By: Ruth Deming
I had fallen asleep again in the living room on the small blue and white loveseat, my body contorted like a serpent. The television was blaring. Mr. Rogers was on. Yes! THE Mr. Fred Rogers. He was just changing his shoes. From sneakers into regular men’s shoes, perhaps Florsheim, which they had back in the day, or Chuck Taylor Converse Sneakers, or even snappy Alligator Shoes.
Mr. Rogers was holding a record album. An album, not a CD, of which I have hundreds, lined up in the closet of my Reading Room. The album read “Introducing Andre Watts.” Holy moly! I hadn’t thought of Andre Watts in decades. He was now 74 years of age. One year younger than me. A handsome biracial man, with black curly hair – and of course I wondered if he wanted to meet an attractive divorcee.
I walked into our parlor, where our Knabe & Sons piano resided under a bedroom sheet. I had hoped I would forget about it forever, I was so ashamed that in my early 20s I was a star pianist and had played Brahms’ Rhapsody in G Minor at Higbee’s Department Store, back in our hometown of Cleveland, Ohio.
Mother was a personal friend of Eunice Podis Weiskopf, a renowned pianist who died of Alzheimer’s disease.
During the pandemic I was suffering. All I seemed to do was watch television, anything would do, including reruns of The Fugitive, Mannix, and Cannon, with William Conrad and his ever-expanding stomach.
Occasionally someone would rap on my front door, with a mask on.
Black masks with red polka dots. Masks with the U.S.A boldly showing. Enormous white masks made of a strong material that made the owner look like a duck about to quack. And powder-blue masks, like the one I had.
“Bernie,” they would ask me. “Still alive in there?”
I would laugh but never dare to invite them inside.
Bernie, in case you’re wondering, is short for Bernadette, a very strange name for a Jewish girl. My parents were “odd balls.” They moved to Hawaii since they couldn’t stand the freezing cold winters of Ohio, with piles of snow six feet high. Mom and Dad used to have a team of shovelers who came around. They plied them with whiskey so they would stay warm and paid them with a twenty-dollar bill.
Both dead now, they left me a trust fund. The only thing I used it for was to order supplies from those ubiquitous blue Amazon trucks as if I were stranded out on the plains of Iowa making my way to Californey.
And, no, I never watched “The Beverly Hillbillies.” Could not stand their jabber.
My piano teacher was a woman named Mrs. Lois Weinberg. Mrs. Weinberg made me practice to get ready for recitals. I could play the fast movement of “The Appassionata” by Beethoven, “Berceuse” by Benjamin Godard, and a dozen other dreamy songs.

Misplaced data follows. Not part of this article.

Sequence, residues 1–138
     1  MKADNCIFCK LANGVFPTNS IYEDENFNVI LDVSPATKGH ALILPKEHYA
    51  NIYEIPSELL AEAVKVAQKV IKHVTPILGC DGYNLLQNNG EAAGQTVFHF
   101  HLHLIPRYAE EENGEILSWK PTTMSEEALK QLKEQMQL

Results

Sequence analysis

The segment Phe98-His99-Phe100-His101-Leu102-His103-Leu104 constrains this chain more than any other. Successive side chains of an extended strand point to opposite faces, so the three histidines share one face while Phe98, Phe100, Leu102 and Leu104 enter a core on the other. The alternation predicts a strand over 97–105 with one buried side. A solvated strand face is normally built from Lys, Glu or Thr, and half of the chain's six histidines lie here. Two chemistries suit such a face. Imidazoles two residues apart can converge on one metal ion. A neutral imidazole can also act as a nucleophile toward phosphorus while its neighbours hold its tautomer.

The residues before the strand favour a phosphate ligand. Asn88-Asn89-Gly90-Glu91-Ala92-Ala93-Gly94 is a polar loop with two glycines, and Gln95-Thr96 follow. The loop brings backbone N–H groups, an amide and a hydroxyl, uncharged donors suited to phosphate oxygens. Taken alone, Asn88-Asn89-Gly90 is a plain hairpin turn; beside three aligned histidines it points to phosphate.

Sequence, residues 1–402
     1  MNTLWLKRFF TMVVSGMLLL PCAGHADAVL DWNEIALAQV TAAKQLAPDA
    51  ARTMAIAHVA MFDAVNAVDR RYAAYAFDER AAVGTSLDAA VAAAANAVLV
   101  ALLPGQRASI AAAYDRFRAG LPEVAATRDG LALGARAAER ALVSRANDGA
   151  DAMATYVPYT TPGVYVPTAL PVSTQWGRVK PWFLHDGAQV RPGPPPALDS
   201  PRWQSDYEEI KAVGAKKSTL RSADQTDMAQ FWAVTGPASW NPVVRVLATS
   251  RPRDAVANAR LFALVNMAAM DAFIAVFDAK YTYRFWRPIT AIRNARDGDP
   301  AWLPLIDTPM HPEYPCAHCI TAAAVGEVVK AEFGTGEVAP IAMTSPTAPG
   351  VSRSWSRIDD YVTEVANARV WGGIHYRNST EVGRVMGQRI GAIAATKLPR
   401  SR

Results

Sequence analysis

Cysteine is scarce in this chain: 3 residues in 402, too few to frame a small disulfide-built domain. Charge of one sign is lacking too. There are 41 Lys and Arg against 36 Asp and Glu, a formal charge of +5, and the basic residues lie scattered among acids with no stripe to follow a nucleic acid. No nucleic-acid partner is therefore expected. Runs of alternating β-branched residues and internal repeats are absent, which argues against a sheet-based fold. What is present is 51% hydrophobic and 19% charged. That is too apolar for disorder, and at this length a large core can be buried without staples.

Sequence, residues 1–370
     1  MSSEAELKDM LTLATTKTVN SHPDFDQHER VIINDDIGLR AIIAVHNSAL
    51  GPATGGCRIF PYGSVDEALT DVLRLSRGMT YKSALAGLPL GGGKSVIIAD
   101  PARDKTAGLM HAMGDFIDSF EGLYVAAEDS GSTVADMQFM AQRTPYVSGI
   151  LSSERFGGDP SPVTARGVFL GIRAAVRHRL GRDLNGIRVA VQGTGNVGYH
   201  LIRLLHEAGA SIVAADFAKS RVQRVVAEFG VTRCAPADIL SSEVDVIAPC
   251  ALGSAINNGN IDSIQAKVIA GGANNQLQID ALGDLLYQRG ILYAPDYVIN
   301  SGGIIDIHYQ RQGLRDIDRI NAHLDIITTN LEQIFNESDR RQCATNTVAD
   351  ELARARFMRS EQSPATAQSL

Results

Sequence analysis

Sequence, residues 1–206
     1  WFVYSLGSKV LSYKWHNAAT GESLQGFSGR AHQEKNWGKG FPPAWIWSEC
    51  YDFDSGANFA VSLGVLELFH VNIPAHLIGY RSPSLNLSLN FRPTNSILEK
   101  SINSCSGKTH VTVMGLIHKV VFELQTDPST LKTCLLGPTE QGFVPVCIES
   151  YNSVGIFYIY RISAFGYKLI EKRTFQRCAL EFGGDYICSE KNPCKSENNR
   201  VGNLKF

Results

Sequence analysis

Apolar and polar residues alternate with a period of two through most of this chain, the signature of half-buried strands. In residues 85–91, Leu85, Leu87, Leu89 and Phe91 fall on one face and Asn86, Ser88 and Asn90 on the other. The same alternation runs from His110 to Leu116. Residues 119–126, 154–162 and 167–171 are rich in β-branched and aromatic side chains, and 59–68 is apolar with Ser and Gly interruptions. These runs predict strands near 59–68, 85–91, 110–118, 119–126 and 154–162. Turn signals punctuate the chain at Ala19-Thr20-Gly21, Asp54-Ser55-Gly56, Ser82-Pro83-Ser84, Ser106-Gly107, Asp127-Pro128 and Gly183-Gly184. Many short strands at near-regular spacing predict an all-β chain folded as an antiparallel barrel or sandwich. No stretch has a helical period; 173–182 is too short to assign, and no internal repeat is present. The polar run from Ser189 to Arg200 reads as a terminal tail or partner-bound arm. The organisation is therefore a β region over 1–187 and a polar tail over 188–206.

Recitals were held at Howard Johnson’s near the Cleveland Museum of Art.
“If you don’t like it, Bernie,” Mrs. Weinberg would say, “choose something you do like. That you love!”
One spring day when the lilac tree was blooming on the front lawn, Mrs. Weinberg knocked on the front door, and walked in, like she always did. I had forgotten to put away my chocolate milk, which I kept next to the music stand.
She put her hands on her face and screamed!
Yes, she screamed bloody murder.
“You’ll ruin your Knabe!” she shrieked.
A red-head, who I had passed at Sylvia’s Hair Salon along Lee Road, I had pressed my nose to the window when I saw her sitting and chatting with her hair stylist.
She insisted I learn something from The Holocaust. Leonard Bernstein had written the Chichester Psalms, terribly difficult, but I did stumble through them. But now, I was “pumped” by Mr. Rogers and Andre Watts.
First, something to eat. From the freezer I grabbed Raspberry Sorbet, sat down on the red couch in the living room, and with a tiny spoon – it was actually a serrated grapefruit spoon – I ate directly from the round box. Marvelous!
Yes, glory to God, I was going to learn to play the piano again.
Pulling off the green and white sheet from the piano, I took a good look at it.
It was a baby grand piano. Such a perfect word. Grand! Ebony-colored like a blackbird winging its way home from Canada. I simply stared.
In the piano bench was sheet music. Pulling them out, I saw old favorites.
“How I’ve missed you,” I whispered, as if to a long-lost lover. Most of the covers were a bright green, like the Mediterranean Sea.
I went right for the Chopin, which Andre Watts had played for Mr. Rogers. Sitting down, I began to play as if I had never stopped. I could not believe it.
“Oh, Lord, why didn’t you tell me? Where have you been hiding?”
Fred Rogers, smiling broadly, and wearing a blue sweater, hovered over me and gave me strength.